More than eight years after the market crash of 2007-08, no bank or mortgage company executive has faced criminal charges for fraudulent activities that resulted in millions of foreclosures and the Great Recession. Just as no General Motors executive will see the inside of a jail cell for the deaths of hundreds of car-owners who were the anticipated victims of faulty ignition switches, bank executives were able to breathe easy when the government finally got around to slapping wrists. Last week it was Goldman Sachs’s turn for a trip to the woodshed, and it seems as if the regulators played favorites.
As reported in marketwatch.com, Goldman Sachs has agreed to pay $1.8 billion in “consumer relief,” according to their press release, “in the form of principal relief for underwater homeowners and distressed borrowers; financing for construction, rehabilitation and preservation of affordable housing, and support for debt restructuring, foreclosure prevention and housing quality improvement programs, as well as land banks.”
As a dollar amount, $1.8 billion strikes the working-class eye as immense, but consider that Bank of America was forced to pay almost $10 billion, and JP Morgan $4 billion. Despite the disparities among the penalties, which given the benefit of the doubt could be explained by facts in the case as easily as by politics, all such fines bear scrutiny. Lisa Donner, executive director of Americans for Financial Reform, said, “The big numbers in the settlements make headlines and can sound good, but when you look at the details, and at what’s really happened, they often don’t translate into relief for hard-hit borrowers and communities at that the level that those big numbers would lead you to expect.”
Part of “what’s really happened” is that banks count toward their settlements activities that they would already undertake rather than only counting new initiatives. Banks also engage in “double counting,” for example claiming credit for providing new mortgages to under-served borrowers but at the same time claiming such mortgages toward obligations set forth by the Community Reinvestment Act. Why, it’s almost as if the banks are reluctant to take responsibility for the havoc they wreaked in the lives of millions of people.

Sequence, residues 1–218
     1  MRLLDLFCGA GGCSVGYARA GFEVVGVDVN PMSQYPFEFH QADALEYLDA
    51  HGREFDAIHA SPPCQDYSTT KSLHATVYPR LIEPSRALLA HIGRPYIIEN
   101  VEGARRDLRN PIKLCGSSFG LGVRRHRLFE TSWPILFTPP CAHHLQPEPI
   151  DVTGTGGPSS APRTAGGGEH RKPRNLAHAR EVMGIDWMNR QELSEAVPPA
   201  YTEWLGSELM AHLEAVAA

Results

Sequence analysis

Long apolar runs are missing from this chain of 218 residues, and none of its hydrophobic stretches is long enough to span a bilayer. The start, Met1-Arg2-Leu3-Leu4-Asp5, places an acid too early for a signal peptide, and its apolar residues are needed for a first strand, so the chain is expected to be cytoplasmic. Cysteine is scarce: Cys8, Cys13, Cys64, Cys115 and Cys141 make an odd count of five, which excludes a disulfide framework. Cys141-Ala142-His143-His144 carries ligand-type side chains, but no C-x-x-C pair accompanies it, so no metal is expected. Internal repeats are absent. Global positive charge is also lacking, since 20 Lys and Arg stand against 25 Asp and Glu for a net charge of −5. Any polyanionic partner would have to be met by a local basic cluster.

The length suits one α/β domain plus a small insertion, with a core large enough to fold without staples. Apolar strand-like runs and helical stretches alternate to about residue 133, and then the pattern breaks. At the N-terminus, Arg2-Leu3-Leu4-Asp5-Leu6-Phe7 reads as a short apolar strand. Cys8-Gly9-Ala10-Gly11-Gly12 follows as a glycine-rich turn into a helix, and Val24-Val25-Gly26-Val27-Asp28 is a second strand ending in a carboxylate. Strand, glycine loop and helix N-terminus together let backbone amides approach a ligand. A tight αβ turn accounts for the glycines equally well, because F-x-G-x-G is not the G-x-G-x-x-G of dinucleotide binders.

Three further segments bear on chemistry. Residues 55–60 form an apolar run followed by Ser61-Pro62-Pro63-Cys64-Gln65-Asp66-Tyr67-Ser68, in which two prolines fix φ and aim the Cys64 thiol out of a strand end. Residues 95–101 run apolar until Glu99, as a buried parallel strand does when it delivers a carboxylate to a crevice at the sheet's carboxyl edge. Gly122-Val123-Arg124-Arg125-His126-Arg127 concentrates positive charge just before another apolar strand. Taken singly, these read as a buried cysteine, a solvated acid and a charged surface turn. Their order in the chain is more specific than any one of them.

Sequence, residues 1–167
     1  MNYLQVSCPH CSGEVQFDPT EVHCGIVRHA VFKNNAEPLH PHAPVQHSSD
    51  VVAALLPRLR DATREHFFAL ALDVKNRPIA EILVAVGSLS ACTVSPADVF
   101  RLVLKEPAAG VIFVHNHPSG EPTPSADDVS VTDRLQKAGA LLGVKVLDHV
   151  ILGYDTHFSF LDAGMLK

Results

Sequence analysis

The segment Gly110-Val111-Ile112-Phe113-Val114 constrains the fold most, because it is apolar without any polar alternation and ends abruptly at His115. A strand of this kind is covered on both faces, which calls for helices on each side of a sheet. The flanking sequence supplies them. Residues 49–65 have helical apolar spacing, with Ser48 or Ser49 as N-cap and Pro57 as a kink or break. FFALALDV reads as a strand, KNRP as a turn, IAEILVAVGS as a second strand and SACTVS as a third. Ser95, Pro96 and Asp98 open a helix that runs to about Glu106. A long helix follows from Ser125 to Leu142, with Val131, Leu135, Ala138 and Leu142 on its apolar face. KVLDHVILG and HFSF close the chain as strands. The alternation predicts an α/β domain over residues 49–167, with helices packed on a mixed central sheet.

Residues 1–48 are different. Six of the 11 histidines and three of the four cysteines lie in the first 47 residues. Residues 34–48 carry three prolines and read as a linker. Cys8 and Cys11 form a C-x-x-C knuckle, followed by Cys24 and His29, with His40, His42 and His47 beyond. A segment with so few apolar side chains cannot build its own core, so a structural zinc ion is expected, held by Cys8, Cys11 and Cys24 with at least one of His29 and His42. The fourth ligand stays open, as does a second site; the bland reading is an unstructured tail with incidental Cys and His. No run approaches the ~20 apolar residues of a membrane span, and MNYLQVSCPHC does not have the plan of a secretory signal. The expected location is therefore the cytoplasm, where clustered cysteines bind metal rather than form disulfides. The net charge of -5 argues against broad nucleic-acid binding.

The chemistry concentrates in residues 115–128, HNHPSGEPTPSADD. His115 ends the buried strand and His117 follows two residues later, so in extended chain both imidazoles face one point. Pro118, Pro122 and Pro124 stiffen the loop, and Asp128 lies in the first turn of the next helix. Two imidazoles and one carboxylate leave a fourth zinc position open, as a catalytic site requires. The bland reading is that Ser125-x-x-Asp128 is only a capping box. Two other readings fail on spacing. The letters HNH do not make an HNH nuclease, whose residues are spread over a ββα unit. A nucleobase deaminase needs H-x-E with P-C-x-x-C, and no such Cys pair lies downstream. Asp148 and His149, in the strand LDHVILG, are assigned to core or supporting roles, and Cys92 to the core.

There will be those who hear that a multinational investment bank must pay a sum with the word “billion” in it and will feel a tug at their heart strings. Poor bank. Such people, who identify with power and authority though they have little of either, and who accept the fiction that a corporation is a person, are capable of sentimental feelings for commercial entities and so, like someone who is afraid to go outside because Voldemort might be out there, are beyond reach at the moment.
But then there are those, the majority I suspect, who look at the doings of Goldman Sachs and the corporate lawyers in charge of regulating them, and shake their heads in disgust while they shrug their shoulders. “It is what it is,” we can hear them say. As if to say, “It is what it is, and what is must be.”
But it does not have to be. Huge investment banks, housing bubbles inflated with the hot air of fraudulent mortgage deals, and criminal bail-outs that take place under our noses and against our will—these things are not necessary or natural. They do not have to be. They are simply the acts of powerful people.
They have more money than we do, in fact about sixty of them have more money than about three billion of us. But there’s that word billion again. It is our billions against their billions, and I’m betting on ours. It will not be easy, and we will have to come together in ways outside the permitted channels of political activity—namely voting for presidents and Congresspeople. Those avenues are well controlled (Bernie Sanders is not going to solve our problems). With the creativity and energy of ordinary people, however, anything is, if not easy, at least possible.
It starts with us. Let’s agree that tomorrow we will all talk to a stranger. Bring up Goldman Sachs. Bring up the GM ignition switch recall. Bring up the Flint water crisis. You will soon find you are not alone in your indignation. And maybe one day this year we will begin to hear people say, not “It is what it is” but “It is, but not for long!”
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